The Research to Accelerate Cures and Equity (RACE) for Children Act has the potential to substantially increase the number of required pediatric studies for novel anticancer drugs, according to an analysis of previously approved agents and RACE criteria.

The RACE for Children Act was enacted in 2017 and will go into effect in 2020, with the goal of stimulating the development of novel targeted therapies for children with cancer. The RACE for Children Act will amend the Pediatric Research Equity Act (known to most as PREA) to require that sponsors must conduct pediatric studies for novel agents intended for the treatment of adult cancers, if the agent’s target is relevant to the growth or progression of pediatric cancers. In addition, it will extend the pediatric study requirement to drugs that receive the orphan drug designation.

“Few targeted therapies have been approved for children in the US under the current regulatory framework,” the authors wrote. However, “the RACE Act has the potential to substantially increase the study of cancer therapies in children.”

The study evaluated novel adult cancer agents approved by the US Food and Drug Administration (FDA) between 2007 and 2017, with a data lock of September 30, 2018. FDA approval letters and dossiers were evaluated for PREA requirements and waivers or exemptions. Drug labels were reviewed for any pediatric labeling. Ongoing pediatric trials were assessed using ClinicalTrials.gov. The authors reviewed the FDA’s Pediatric Molecular Target List published in August 2018 for potential molecular targets in pediatric cancers.

A total of 78 adult cancer drugs were identified. None of the clinical development programs of the 78 novel agents were required to conduct studies in pediatric cancers, 26 were exempt due to waivers obtained because the adult cancer does not occur in children, and 52 were exempt due to an orphan designation for a rare cancer.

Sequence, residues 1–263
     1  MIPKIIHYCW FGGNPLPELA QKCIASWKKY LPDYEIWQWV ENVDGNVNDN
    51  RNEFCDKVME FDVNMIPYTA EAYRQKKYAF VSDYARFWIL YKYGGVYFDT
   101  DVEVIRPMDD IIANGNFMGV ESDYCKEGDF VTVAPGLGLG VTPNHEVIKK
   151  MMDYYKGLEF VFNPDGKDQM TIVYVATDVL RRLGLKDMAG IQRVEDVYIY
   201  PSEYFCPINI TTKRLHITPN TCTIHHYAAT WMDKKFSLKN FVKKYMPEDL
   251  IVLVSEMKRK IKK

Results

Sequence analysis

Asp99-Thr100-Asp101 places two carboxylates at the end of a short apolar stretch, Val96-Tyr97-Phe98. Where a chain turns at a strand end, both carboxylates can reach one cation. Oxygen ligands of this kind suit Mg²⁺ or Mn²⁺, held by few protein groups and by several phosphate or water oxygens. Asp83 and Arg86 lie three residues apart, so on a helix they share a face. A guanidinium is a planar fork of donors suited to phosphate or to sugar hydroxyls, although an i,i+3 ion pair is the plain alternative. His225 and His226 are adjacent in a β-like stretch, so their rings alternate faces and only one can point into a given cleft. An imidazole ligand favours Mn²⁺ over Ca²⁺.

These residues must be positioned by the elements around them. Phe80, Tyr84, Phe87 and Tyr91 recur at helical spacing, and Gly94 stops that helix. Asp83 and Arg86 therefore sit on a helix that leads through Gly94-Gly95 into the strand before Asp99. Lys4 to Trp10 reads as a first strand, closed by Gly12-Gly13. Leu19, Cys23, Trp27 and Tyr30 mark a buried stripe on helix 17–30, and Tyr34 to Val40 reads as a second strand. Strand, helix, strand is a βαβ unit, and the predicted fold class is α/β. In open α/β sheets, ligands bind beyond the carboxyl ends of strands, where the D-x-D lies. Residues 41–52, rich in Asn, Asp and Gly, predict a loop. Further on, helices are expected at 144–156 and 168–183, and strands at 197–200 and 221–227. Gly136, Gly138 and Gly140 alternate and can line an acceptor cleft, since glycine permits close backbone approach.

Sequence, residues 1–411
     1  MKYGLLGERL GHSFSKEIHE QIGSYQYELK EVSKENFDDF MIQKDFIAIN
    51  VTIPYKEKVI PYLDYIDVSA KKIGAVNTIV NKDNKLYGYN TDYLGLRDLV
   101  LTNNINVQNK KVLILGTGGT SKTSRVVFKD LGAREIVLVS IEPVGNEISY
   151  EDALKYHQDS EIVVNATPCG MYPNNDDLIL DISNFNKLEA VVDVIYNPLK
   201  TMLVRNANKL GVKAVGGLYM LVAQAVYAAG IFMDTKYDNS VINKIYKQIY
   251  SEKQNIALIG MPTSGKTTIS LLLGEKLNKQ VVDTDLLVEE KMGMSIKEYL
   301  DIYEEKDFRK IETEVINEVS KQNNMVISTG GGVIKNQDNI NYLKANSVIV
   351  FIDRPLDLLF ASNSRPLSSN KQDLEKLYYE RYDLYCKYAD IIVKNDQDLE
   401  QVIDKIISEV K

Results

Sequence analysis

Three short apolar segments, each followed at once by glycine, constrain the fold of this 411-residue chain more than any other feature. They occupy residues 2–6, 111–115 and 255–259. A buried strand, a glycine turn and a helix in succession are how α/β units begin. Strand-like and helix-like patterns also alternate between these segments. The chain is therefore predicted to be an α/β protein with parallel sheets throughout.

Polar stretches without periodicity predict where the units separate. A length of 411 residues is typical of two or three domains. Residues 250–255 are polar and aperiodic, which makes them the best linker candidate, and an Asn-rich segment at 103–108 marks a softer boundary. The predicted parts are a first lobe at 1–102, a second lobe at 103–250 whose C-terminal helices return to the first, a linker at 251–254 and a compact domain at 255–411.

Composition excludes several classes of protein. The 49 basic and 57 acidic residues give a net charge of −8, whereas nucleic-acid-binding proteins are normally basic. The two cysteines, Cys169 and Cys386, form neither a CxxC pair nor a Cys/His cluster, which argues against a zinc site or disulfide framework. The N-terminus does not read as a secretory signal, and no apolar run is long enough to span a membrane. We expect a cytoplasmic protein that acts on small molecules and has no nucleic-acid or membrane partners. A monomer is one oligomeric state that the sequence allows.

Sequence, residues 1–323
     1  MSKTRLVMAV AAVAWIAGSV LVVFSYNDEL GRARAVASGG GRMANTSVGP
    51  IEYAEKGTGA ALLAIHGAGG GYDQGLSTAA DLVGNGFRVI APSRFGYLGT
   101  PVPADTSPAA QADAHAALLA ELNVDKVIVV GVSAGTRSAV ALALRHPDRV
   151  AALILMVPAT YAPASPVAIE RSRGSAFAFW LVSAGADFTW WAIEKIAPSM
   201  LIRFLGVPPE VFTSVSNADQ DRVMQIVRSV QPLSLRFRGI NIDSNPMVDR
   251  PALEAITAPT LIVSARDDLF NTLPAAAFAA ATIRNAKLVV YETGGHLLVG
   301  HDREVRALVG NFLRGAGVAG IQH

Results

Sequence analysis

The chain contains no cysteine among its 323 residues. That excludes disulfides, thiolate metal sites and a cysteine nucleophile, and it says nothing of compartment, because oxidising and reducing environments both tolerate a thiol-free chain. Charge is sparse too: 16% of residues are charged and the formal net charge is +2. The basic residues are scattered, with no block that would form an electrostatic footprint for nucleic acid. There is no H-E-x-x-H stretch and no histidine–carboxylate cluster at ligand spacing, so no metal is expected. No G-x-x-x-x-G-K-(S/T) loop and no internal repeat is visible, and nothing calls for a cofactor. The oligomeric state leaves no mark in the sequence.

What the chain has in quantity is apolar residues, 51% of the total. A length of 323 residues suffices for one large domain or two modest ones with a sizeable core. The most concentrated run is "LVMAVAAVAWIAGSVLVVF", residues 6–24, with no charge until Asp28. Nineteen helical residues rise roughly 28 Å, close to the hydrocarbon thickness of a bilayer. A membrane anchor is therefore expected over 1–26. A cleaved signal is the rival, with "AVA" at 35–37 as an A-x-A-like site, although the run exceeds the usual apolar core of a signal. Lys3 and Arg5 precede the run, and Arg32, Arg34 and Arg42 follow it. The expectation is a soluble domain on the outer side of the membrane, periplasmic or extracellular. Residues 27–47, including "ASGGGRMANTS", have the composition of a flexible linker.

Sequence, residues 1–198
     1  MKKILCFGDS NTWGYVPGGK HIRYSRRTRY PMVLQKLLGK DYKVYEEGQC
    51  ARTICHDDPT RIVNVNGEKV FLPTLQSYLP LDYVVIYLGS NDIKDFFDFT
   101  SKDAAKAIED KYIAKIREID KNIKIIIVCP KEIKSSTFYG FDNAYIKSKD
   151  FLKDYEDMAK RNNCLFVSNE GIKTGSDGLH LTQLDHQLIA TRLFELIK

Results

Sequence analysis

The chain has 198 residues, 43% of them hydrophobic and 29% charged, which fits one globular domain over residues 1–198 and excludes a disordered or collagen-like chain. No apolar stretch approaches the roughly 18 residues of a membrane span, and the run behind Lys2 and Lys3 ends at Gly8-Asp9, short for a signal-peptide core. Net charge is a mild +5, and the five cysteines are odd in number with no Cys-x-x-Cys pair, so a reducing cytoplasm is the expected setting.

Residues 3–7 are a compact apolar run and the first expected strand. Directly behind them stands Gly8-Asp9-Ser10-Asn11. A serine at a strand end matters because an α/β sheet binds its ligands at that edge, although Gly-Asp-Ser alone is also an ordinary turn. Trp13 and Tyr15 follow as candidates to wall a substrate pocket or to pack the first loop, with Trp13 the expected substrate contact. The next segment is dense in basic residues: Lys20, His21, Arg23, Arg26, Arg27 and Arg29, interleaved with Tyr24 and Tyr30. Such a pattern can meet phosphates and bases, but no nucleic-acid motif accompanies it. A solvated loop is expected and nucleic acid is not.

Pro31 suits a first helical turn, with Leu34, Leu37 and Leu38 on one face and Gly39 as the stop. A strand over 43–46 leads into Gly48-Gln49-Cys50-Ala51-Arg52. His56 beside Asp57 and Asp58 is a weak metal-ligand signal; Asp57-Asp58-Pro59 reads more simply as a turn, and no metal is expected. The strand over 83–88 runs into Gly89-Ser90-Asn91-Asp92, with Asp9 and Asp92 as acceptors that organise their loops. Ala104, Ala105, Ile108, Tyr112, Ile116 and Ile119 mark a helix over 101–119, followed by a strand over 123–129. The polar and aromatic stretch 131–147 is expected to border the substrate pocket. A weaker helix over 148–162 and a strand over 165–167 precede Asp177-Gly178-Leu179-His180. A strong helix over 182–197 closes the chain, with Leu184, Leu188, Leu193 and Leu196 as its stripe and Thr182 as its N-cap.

At initial FDA approval, 5.1% of the novel drugs included any pediatric information in their labeling. After a median follow-up of 5.1 years, this increased to 21.8% ,and 10.3% received a pediatric indication.

Most of the novel drugs developed for adults also had known targets in pediatric cancers. Of the adult cancer drugs approved previously, 61 (78.2%) had targets on the Pediatric Molecular Target List. Therefore, the Act could increase the number of novel drugs required to be studied in pediatric cancer from 0% to 78.2%.

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However, the authors acknowledged that “a substantial proportion of pediatric cancers have genomic alterations not shared with common adult cancers.” As a result, the Act “may not fully address the need for molecularly targeted therapies in pediatric malignancies.”

Nonetheless, the results from this study suggest that the RACE for Children Act could increase the number of studies for pediatric cancer. The authors noted, however, that “its impact will depend in part on how well regulators select agents for required pediatric trials.”

The authors also recognized that the impact of the RACE for Children Act will also depend “on the timely completion of such trials and translation of trial results into more effective treatments for children with cancer.”

Disclosure: Some of the study authors disclosed financial relationships with pharmaceutical or medical device companies. For a full list of disclosures, please refer to the original study.

Reference

Hwang TJ, Orenstein L, DuBois SG, Janeway KA, Bourgeois FT. Pediatric trials for cancer therapies with targets potentially relevant to pediatric cancers. J Natl Cancer Inst. 2020;112(3):224-228.